In a post-pandemic world, is your personal leadership fit for purpose?

by | Feb 24, 2021 | Insights

The Covid-19 global pandemic has fundamentally changed the very fabric of day-to-day life for most people – from the differentiation of work and weekends; to multitasking as teacher and employee; through to love and loss.

I also believe it has caused a fundamental exposure of some leaders and leadership styles – people have simply failed to develop or adapt their approach, defaulting to type and relying on traits that make the situation much, much worse. Sadly, I believe, many leaders have been found wanting, profoundly out of their depth in a time of challenge and change, just when effective leadership is most important.

Let’s be clear, a leader is someone who understands that leadership is not about having all the answers – it is about knowing how to lead and how to find the best people, both individually and collectively. It takes humility and confidence to say, ‘Great point – I don’t actually know the answer, maybe one of our colleague’s does’ and especially to say, ‘I was wrong’. A true leader understands this and sees the strength in utilising the collective.

The renowned CEO of General Electric Jack Welch said in his autobiography ‘I was never the smartest guy in the room. …. if you’re a leader and you’re the smartest guy in the room, you’ve got real problems.’ Leadership is about surrounding yourself with the smartest and best, then engaging and leading them to be successful.

An inability to lead – specifically, a reluctance to expose yourself as being short of the mark, to not having the core skills of trust, empathy, humility, an open mind, self-awareness and all the other vital elements – means that individuals and the organisations being represented can’t realise their potential. But things can actually be much worse. Poor leadership does not simply bring an enormous opportunity cost; in unusual, unfamiliar times – for example, during a global pandemic – it also invariably leads to dysfunctional behaviours, notably individual and collective corporate bullying.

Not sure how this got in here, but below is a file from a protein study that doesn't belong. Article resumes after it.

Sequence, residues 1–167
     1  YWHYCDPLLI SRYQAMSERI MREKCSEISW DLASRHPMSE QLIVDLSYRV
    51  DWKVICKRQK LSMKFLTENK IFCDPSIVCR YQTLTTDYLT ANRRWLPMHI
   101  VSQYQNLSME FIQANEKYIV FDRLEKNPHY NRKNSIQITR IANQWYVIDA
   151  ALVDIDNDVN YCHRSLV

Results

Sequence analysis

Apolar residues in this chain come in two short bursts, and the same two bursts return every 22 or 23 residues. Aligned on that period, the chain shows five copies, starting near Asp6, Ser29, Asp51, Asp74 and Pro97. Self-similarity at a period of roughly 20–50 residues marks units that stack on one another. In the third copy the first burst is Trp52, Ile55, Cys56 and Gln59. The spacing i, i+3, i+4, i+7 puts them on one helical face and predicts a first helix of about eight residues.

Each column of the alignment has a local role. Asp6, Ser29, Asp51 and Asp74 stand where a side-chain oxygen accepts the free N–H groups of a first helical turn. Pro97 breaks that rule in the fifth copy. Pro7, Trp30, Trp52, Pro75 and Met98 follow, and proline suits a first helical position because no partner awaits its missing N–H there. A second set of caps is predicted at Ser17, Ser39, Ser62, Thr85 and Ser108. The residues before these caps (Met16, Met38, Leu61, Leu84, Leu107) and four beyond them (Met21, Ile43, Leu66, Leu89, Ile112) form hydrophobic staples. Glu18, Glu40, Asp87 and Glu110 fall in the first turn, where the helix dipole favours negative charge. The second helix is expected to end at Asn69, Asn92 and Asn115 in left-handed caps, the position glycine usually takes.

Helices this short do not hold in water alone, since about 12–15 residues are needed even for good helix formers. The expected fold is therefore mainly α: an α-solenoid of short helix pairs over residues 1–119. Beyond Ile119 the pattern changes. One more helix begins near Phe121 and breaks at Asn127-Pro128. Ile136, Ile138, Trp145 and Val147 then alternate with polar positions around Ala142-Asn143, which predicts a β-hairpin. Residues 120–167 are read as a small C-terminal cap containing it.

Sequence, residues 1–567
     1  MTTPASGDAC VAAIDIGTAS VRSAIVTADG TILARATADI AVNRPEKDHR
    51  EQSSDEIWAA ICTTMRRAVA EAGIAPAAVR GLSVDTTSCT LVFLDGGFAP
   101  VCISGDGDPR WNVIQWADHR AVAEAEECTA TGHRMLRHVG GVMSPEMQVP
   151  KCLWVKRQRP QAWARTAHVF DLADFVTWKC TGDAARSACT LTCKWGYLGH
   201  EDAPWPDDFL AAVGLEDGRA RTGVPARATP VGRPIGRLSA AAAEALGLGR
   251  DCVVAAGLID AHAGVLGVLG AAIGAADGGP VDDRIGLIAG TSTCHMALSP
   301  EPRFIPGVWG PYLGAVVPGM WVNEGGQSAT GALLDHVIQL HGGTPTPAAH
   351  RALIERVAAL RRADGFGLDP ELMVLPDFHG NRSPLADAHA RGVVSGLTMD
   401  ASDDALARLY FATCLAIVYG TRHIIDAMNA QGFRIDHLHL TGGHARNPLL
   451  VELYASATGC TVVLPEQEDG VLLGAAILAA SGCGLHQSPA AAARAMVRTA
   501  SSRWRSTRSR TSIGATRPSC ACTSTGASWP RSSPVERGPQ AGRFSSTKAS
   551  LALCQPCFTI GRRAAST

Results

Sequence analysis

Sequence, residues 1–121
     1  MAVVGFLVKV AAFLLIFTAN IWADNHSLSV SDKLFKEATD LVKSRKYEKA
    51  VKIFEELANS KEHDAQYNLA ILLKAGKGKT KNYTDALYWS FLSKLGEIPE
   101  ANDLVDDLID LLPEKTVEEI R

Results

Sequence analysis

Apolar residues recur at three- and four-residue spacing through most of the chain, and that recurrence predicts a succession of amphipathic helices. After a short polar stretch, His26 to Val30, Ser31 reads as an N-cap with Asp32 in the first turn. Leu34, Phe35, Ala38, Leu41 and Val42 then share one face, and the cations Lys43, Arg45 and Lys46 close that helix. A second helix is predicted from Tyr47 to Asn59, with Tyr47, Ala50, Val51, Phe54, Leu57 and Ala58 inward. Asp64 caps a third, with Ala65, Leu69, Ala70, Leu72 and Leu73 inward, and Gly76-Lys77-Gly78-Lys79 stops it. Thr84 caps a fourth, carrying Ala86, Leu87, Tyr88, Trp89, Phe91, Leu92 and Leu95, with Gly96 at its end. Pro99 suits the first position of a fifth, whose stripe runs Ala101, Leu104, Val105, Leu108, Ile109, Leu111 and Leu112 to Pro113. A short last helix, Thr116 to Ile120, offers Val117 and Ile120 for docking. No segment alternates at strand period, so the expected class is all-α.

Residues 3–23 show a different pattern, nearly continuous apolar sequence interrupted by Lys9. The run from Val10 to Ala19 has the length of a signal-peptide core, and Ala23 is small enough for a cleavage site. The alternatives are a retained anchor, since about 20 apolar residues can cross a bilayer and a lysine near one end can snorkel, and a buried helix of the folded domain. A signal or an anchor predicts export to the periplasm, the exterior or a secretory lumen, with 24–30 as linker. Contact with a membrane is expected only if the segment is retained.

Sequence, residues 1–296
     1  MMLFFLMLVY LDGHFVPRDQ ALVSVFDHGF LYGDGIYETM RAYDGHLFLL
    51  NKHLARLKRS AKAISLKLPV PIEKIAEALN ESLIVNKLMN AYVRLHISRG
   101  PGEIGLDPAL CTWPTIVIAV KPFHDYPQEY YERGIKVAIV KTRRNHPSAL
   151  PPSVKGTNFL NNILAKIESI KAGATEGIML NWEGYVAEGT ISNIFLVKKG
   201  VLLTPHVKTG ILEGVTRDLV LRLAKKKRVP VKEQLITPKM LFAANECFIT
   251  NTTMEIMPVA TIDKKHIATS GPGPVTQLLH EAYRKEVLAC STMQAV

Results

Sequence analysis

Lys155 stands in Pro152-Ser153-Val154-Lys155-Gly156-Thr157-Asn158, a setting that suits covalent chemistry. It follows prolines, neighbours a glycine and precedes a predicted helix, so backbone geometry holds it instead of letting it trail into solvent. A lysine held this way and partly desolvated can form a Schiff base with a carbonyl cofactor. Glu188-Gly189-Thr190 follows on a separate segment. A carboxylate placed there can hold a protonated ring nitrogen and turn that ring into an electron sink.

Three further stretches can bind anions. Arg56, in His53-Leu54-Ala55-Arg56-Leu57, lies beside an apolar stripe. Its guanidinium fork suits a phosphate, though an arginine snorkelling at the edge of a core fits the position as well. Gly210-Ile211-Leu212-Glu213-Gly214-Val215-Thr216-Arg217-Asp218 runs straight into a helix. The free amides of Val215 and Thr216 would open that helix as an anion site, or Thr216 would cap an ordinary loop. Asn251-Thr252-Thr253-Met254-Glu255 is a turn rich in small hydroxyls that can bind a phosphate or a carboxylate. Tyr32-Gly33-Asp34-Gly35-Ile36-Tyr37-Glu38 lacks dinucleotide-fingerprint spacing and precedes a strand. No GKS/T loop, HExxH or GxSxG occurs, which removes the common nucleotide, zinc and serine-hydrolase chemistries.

In my experience, the words ‘bully’ and ‘bullying’ are highly emotive – for me, the acts and words are triggers to defensive behaviours and actions to protect and support those around me. Bully bosses are masters at ensuring their departments, divisions and organisations feel uncomfortable or uncertain around decisions, actions, strategic partnerships and behaviours. (It should be noted that the use of the word ‘team’ when discussing bully bosses is hardly appropriate, given that a team is a group of people providing mutual support and collaboration for a shared purpose – something the bully boss overrides, undermines and simply doesn’t value.) They also change the rules of engagement at a moment’s notice and then deny that they’ve done it. Leadership is not a right – it’s earned through hard work, trust, learning from mistakes, knowing when to push and when to support, and, crucially, knowing when to apologise.